Saturday, October 06, 2012

Andrew Erish: Selig Polyscope (Pordenone introduction)

Selig Polyscope
Gli innovatori dimenticati / The Forgotten Innovators

Col. William Nicholas Selig (1864-1948) is probably the least known of the founders of the  American motion picture industry, yet he may be the most important. Born in Chicago, Selig lived and toured for several years throughout the American West as a magician and minstrel show operator before embarking on a career as a producer of motion pictures. It was this firsthand knowledge of the West and foresight into the potential of cinema that led him to produce the first Western narratives in the West starring real cowboys and Native Americans, and later to establish the first movie studio in Los Angeles.

By staging his Westerns amidst spectacularly authentic scenery and featuring performers with athletic skills germane to both the setting and its narratives, Selig established the essential properties of the genre that became the bedrock of American cinema. Because early cinema was largely dependent on clear, sunny skies to provide illumination to properly expose the negative, Selig’s decision to build a Los Angeles studio resulted in virtually year-round production with easy access to a variety of geographical settings. In order to successfully compete, American producers conformed their Westerns to the Selig model, and the fi lm companies that survived were those that followed him to Los Angeles. Because no other filmmaker at that time had fi rsthand knowledge of the West, had it not been for Selig it is possible that the Western might have been short-lived, like the fi re-run and marine genres. Even more likely, without Selig the American film industry would probably have settled in the area around Jacksonville, Florida.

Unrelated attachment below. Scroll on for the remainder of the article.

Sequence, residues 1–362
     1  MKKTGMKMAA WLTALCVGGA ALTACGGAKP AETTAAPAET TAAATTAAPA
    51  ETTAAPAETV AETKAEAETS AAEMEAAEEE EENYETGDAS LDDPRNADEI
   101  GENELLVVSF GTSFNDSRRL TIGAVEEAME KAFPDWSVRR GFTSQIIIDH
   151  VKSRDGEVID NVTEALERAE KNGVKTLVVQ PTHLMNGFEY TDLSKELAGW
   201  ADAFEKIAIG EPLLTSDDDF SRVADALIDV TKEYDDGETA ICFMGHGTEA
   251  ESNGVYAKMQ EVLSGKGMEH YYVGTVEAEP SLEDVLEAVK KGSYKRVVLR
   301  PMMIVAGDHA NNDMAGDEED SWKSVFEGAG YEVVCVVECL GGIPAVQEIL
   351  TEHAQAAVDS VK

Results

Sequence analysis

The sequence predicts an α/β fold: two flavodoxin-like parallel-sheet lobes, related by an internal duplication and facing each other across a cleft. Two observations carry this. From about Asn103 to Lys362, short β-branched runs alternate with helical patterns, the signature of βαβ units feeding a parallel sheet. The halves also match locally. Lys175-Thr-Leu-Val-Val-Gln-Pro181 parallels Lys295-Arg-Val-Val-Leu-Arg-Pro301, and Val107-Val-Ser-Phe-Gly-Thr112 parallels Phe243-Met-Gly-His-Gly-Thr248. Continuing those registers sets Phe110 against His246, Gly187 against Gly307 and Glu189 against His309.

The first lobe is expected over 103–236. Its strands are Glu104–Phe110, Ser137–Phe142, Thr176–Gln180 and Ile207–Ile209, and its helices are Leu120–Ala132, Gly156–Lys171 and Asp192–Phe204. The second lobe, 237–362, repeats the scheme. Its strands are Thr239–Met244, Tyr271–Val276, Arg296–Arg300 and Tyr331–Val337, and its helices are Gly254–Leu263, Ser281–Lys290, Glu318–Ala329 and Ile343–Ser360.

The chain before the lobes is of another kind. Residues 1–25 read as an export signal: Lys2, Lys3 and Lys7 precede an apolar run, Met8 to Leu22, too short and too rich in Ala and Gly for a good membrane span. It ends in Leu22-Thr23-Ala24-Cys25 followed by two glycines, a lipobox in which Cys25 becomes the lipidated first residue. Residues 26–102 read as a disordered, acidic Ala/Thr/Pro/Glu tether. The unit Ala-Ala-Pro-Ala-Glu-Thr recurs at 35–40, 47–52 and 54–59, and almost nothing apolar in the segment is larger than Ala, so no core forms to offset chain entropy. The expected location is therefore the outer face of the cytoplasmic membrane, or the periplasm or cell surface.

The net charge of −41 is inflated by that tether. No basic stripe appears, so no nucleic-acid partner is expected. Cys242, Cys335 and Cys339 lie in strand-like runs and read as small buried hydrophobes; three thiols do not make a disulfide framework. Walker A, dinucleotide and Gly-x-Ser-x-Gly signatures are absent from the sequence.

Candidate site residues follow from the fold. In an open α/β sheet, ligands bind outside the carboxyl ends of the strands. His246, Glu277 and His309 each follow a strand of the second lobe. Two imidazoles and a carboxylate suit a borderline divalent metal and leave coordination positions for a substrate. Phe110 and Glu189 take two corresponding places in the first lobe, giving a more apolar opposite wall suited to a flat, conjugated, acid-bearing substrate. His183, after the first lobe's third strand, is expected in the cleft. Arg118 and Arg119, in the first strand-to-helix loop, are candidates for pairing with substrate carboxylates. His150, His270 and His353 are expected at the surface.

These two achievements alone are enough to qualify William Selig as a major figure in the development of motion pictures. Yet Selig was involved in many other important innovations.